Electrical Engineering
      and Computer Sciences

Electrical Engineering and Computer Sciences

COLLEGE OF ENGINEERING

UC Berkeley

K-Sketch: A Kinetic Sketch Pad for Novice Animators

Richard C. Davis

EECS Department
University of California, Berkeley
Technical Report No. UCB/EECS-2008-171
December 18, 2008

http://www.eecs.berkeley.edu/Pubs/TechRpts/2008/EECS-2008-171.pdf

Animation is a powerful communication and visualization medium that is accessible to few, because current tools for creating animation are extremely complex. Simple animation tools exist, but they severely restrict the types of motion that can be expressed. To help novices create a wide range of animations quickly, I have developed a general-purpose, informal, 2D animation sketching system called K-Sketch, a kinetic sketch pad. My investigation began with field studies that explored the many uses of short, rough animations both by expert animators and would-be animators. The most significant results of these studies were evidence of the need for K-Sketch and a library of 72 usage scenarios for such a tool. These scenarios show how rough animation can be useful both to experts creating prototypes of animations and to novices creating animations for entertainment, visualization, or communication of dynamic concepts in a wide variety of educational or business settings. While analyzing my library of scenarios, I identified 18 primitive animation operations that cover the most natural ways of expressing the motions and transitions in the animations I collected. To make K-Sketch simultaneously fast, simple, and expressive, I developed a novel interface optimization analysis method. I used this to visualize the tradeoffs of supporting various combinations of animation operations and choose a small but powerful set of capabilities for K-Sketch. This method and the tools I developed can be applied to many other domains. The final K-Sketch system uses pen input for sketching objects, intuitive demonstration of motion, and a suggestive interface for resolving ambiguous operations. In one laboratory experiment that compared K-Sketch to a more formal novice animation tool (PowerPoint), participants worked three times faster, needed half the learning time, and reported significantly lower cognitive load with K-Sketch. Another laboratory comparison with a less formal novice tool (The TAB Lite) showed that K-Sketch allows novices to express a wide range of animations quickly and intuitively. K-Sketch has been released to the world and is being used by over a thousand people to create rough animations.

Advisor: John F. Canny and James A. Landay


BibTeX citation:

@phdthesis{Davis:EECS-2008-171,
    Author = {Davis, Richard C.},
    Title = {K-Sketch: A Kinetic Sketch Pad for Novice Animators},
    School = {EECS Department, University of California, Berkeley},
    Year = {2008},
    Month = {Dec},
    URL = {http://www.eecs.berkeley.edu/Pubs/TechRpts/2008/EECS-2008-171.html},
    Number = {UCB/EECS-2008-171},
    Abstract = {Animation is a powerful communication and visualization medium that is accessible to few, because current tools for creating animation are extremely complex. Simple animation tools exist, but they severely restrict the types of motion that can be expressed. To help novices create a wide range of animations quickly, I have developed a general-purpose, informal, 2D animation sketching system called K-Sketch, a kinetic sketch pad. My investigation began with field studies that explored the many uses of short, rough animations both by expert animators and would-be animators. The most significant results of these studies were evidence of the need for K-Sketch and a library of 72 usage scenarios for such a tool. These scenarios show how rough animation can be useful both to experts creating prototypes of animations and to novices creating animations for entertainment, visualization, or communication of dynamic concepts in a wide variety of educational or business settings.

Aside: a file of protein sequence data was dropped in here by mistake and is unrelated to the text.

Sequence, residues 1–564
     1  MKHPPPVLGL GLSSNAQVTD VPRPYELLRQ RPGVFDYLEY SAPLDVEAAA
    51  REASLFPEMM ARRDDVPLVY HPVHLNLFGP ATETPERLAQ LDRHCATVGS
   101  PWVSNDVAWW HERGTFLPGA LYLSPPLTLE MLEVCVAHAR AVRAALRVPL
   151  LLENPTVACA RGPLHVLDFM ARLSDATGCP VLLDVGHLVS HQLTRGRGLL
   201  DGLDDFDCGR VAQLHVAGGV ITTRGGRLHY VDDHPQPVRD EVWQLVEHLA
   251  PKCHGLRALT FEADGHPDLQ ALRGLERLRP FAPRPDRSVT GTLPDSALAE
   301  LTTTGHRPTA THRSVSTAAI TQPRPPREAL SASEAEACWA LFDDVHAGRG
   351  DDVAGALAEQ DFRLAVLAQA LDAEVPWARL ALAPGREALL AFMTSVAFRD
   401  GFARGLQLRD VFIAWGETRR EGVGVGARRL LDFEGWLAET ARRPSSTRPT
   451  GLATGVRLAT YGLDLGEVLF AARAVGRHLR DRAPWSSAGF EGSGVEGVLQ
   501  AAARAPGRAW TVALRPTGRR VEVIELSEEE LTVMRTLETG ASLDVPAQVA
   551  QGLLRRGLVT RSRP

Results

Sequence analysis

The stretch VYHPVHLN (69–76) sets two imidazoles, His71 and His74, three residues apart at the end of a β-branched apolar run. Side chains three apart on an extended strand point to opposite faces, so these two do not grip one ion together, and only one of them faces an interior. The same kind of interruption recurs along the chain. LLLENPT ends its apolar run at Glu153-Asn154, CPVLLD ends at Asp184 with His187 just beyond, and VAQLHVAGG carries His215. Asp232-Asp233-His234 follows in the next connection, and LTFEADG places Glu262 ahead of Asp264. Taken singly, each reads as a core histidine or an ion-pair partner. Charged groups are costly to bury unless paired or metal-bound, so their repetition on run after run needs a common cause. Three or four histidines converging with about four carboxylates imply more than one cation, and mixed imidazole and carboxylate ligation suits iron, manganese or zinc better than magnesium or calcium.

While analyzing my library of scenarios, I identified 18 primitive animation operations that cover the most natural ways of expressing the motions and transitions in the animations I collected. To make K-Sketch simultaneously fast, simple, and expressive, I developed a novel interface optimization analysis method. I used this to visualize the tradeoffs of supporting various combinations of animation operations and choose a small but powerful set of capabilities for K-Sketch. This method and the tools I developed can be applied to many other domains. 

The final K-Sketch system uses pen input for sketching objects, intuitive demonstration of motion, and a suggestive interface for resolving ambiguous operations. In one laboratory experiment that compared K-Sketch to a more formal novice animation tool (PowerPoint), participants worked three times faster, needed half the learning time, and reported significantly lower cognitive load with K-Sketch. Another laboratory comparison with a less formal novice tool (The TAB Lite) showed that K-Sketch allows novices to express a wide range of animations quickly and intuitively. K-Sketch has been released to the world and is being used by over a thousand people to create rough animations.}
}

EndNote citation:

%0 Thesis
%A Davis, Richard C.
%T K-Sketch: A Kinetic Sketch Pad for Novice Animators
%I EECS Department, University of California, Berkeley
%D 2008
%8 December 18
%@ UCB/EECS-2008-171
%U http://www.eecs.berkeley.edu/Pubs/TechRpts/2008/EECS-2008-171.html
%F Davis:EECS-2008-171